Then-Speaker Nancy Pelosi, D-Calif., released a statement saying, "By suspending deliveries to the (SPR) we can save consumers from 5 to 24 cents per gallon. This is a critical first step for Americas families, businesses and our economy and, as the President said in 2006 when talking about the impact of suspending deliveries to the SPR, every little bit helps."

"While there is no guarantee that putting this oil onto the market rather than into the SPR will lower prices, even the modest step of suspending such acquisitions for the time being could potentially prick the speculative bubble now characterizing oil markets," said then-House Energy and Commerce Chairman John D. Dingell, a Michigan Democrat, as Congress approved the bill.

One key Republican who changed her view, Sen. Kay Bailey Hutchison of Texas, then a member of leadership. "The SPR had 554 million barrels when President Bush took office and today it has over 701 million barrels," Hutchison said during floor debate. "We are in an extreme circumstance, now that oil is around $120 a barrel. I support an immediate halt in the deposits of domestic crude into the SPR as we enter the busiest driving season of the year."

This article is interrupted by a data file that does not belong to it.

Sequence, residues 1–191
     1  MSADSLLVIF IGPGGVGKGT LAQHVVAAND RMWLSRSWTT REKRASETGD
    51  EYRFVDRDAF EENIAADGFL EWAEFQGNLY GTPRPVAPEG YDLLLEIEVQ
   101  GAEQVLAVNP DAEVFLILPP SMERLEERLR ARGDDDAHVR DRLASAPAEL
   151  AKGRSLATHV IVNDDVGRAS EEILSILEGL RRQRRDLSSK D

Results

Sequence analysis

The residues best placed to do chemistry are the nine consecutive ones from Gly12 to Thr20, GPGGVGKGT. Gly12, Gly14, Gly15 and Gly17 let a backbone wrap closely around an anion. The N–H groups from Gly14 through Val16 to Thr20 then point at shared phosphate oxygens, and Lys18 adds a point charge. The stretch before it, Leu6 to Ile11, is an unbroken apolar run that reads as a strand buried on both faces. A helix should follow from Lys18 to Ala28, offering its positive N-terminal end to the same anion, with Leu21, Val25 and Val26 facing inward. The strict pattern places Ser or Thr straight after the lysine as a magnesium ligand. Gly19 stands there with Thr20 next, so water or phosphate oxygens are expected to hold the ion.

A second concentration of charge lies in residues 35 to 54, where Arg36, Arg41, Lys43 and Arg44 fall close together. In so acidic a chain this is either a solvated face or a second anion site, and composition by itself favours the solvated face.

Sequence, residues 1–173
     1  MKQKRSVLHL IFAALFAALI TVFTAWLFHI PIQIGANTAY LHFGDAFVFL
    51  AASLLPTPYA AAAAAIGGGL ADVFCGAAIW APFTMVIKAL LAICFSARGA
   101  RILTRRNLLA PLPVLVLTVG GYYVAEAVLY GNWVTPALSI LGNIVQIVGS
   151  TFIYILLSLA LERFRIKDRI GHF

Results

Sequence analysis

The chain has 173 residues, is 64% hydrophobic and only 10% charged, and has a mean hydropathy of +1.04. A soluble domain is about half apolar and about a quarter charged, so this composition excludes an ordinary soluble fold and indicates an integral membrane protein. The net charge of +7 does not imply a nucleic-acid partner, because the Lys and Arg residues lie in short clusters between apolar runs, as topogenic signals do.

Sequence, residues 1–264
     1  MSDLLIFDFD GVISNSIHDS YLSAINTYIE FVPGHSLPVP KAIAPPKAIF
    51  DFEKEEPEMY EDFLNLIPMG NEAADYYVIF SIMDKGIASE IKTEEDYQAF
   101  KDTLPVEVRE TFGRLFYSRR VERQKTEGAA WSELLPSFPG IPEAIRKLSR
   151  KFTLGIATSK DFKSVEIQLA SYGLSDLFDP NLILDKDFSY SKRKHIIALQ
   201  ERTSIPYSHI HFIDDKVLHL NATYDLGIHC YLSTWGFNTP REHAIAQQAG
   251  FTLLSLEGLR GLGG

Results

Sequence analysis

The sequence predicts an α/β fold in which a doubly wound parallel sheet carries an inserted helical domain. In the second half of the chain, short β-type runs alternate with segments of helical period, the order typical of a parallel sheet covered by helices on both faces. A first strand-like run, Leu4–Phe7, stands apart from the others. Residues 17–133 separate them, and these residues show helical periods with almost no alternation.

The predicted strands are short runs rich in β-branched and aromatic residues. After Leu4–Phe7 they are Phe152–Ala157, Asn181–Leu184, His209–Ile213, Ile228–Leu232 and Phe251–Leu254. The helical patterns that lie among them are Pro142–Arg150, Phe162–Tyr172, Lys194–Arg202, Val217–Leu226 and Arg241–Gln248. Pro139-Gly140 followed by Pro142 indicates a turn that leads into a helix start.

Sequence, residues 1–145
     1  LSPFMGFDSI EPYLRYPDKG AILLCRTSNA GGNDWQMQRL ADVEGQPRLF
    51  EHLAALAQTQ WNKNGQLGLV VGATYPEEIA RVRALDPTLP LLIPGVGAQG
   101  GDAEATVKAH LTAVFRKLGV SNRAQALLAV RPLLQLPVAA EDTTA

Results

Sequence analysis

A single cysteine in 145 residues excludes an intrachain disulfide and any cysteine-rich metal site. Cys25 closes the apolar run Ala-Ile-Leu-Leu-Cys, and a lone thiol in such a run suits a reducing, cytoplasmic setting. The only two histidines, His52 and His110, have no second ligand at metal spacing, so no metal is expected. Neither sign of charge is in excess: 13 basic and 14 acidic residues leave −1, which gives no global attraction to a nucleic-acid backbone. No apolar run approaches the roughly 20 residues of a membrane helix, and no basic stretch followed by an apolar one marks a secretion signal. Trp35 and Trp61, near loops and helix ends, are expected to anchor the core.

President Bush opposed the move saying it would have little impact on overall prices and could jeopardize national security in the event of a major supply disruption; nevertheless, the White House, heading off the Congressional mandate, abruptly announced a halt to stockpiling for the rest of the year.

The U.S. Department of Energy (DOE) on its website says, "The Strategic Petroleum Reserve exists, first and foremost, as an emergency response tool the President can use should the United States be confronted with an economically-threatening disruption in oil supplies." It was created in 1975 after the oil embargo.

Only twice in recent history has the SPR been tapped in an emergency by a president, once in 1991 by President H. W. Bush during the Gulf War when an emergency sale was ordered, and another time in September 2005 when Hurricane Katrina hit. Several times in the 1990's, however, President Clinton, with approval from Congress, ordered the non-emergency sale of reserve oil, a number of times to reduce the federal budget deficit.

Perhaps members are bogged down at the moment with the looming shutdown of the federal government if a compromise is not reached on this year's between Senate Democrats and House Republicans. Maybe they are distracted by the week-long President's Day recess. Or perhaps some are more hopeful after the recent forecast from the Energy Information Agency, the independent arm of DOE, that predicted U.S. consumption of imported oil for the next 25 years is expected to decline with the advent of alternative energy products like biofuels and with the manufacturing of more efficient vehicles.

Still, that won't stop prices from rising right now.

And one note on the SPR front from Wicker, "DOE already is planning a 6 million barrel SPR sale in the FY 2012 budget. That's a lot of barrels." We'll see if Congress keeps that sale alive when it attempts to codify the president's budget later this year.